Although to be fair to gold, it isn't as stranded when the lights and/or internet go off.

Totally irrelevant. If the lights go off you better have a gun and a tribe, because there'll be bigger problems afoot than how to transact your Bitcoin/Gold.

I guess you win with that one.
Because if the power goes off and/or the internet goes down, then I won't be able to come back with 'I told you so' on this or any other forum.

Lol. You can mail me a txt file on a USB stick. I'll mail you back a complete copy of the bitcoin ledger with every transaction in existence on it :D

If you don't have the means to secure/defend it, it's irrelevant

"the gold standard was removed due to the inability of the central banks to adequately manage the levers of monetary policy.."

ie To set us on the path to leveraging the hell out of everything ... to provide Growth & Jobs & Income

Going back to some miracle "gold standard" anchor sounds great .... its just that it comes with that nasty LESS jobs / incomes / growth kicker...
And that dear sir, is why Bitcoin is a red herring
It cant fix overshoot

Now we're talking fundamentals, and the hard bounds of a finite resource supply. Are you suggesting we can continuously flout these bounds creating MORE jobs, MORE consumption, MORE population, MORE growth indefinitely without consequence? We've done that for the last 40 years and look where it got us - it's time to pay the piper unfortunately.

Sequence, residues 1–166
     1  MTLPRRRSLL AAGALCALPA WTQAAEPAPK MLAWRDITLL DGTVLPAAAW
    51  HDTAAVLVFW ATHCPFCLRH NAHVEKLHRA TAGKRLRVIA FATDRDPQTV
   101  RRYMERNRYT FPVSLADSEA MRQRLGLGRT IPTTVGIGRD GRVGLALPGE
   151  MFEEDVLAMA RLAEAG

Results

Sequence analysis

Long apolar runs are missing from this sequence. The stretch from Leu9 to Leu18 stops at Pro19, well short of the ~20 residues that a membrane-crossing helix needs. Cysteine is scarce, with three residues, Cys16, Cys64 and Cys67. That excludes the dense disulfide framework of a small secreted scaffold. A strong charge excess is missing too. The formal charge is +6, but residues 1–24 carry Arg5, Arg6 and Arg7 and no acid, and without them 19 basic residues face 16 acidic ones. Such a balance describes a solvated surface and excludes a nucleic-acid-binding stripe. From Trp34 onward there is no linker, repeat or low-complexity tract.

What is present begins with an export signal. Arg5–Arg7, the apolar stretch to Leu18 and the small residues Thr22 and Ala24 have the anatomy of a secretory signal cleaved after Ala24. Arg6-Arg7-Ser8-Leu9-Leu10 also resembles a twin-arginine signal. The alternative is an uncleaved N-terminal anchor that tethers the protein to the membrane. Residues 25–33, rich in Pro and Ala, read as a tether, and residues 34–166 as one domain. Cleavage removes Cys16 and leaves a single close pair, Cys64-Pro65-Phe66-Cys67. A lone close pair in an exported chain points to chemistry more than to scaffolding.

For me these reasons are precisely why Bitcoin will be the new standard - it obeys the laws of the universe and finite supply with a difference: it's outside of any individual or collective's control, yet democratically used by the entire world.

No
the point being the "limited supply" concept of Bitcoin is correct in the same way Gold was used as a limiting factor (to try and recognise finite resource bases)
But there was a clear reason they abandoned the Gold standard ... To keep the party going when they hit limits
This enabled ever more complex supply chains to HARVEST every possible corner of the globe through leverage and financialization
Going back to a restricted standard now wont save those supply lines blowing apart

Agree mostly, but trade will continue as it has since Adam was a boy through all the shocks and pandemics that have ever occurred. Aside from that, I'm not sure what your point is.

another way of looking at it
Debt = Wealth
if you want to clear the debt overhang, you need to clear the wealth claims
And this decimates jobs and consequently complexity of supply

"elegant piece of software"

That's a Raoul Pal-ism.

What's the estimate on how many years left before computational power catches up with cryptography from 2009?

Quantum computing is here already https://research.google/teams/applied-science/quantum/. Bitcoin is already under active development for a post-quantum environment. The worst case scenario is Bitcoin will need a hard fork (where they make a copy of the code with new operating software). Technology is fluid not fixed.

Wild west..

XRP is junk I'm afraid. Ripple the company does have interesting technology, but only some of it uses the XRP tokens. And founders hold zillions of tokens, which they continually dump. Not just that, but the Ripple company is still raising funds via equity now - so the new shareholders won't have any regard for the XRP token value.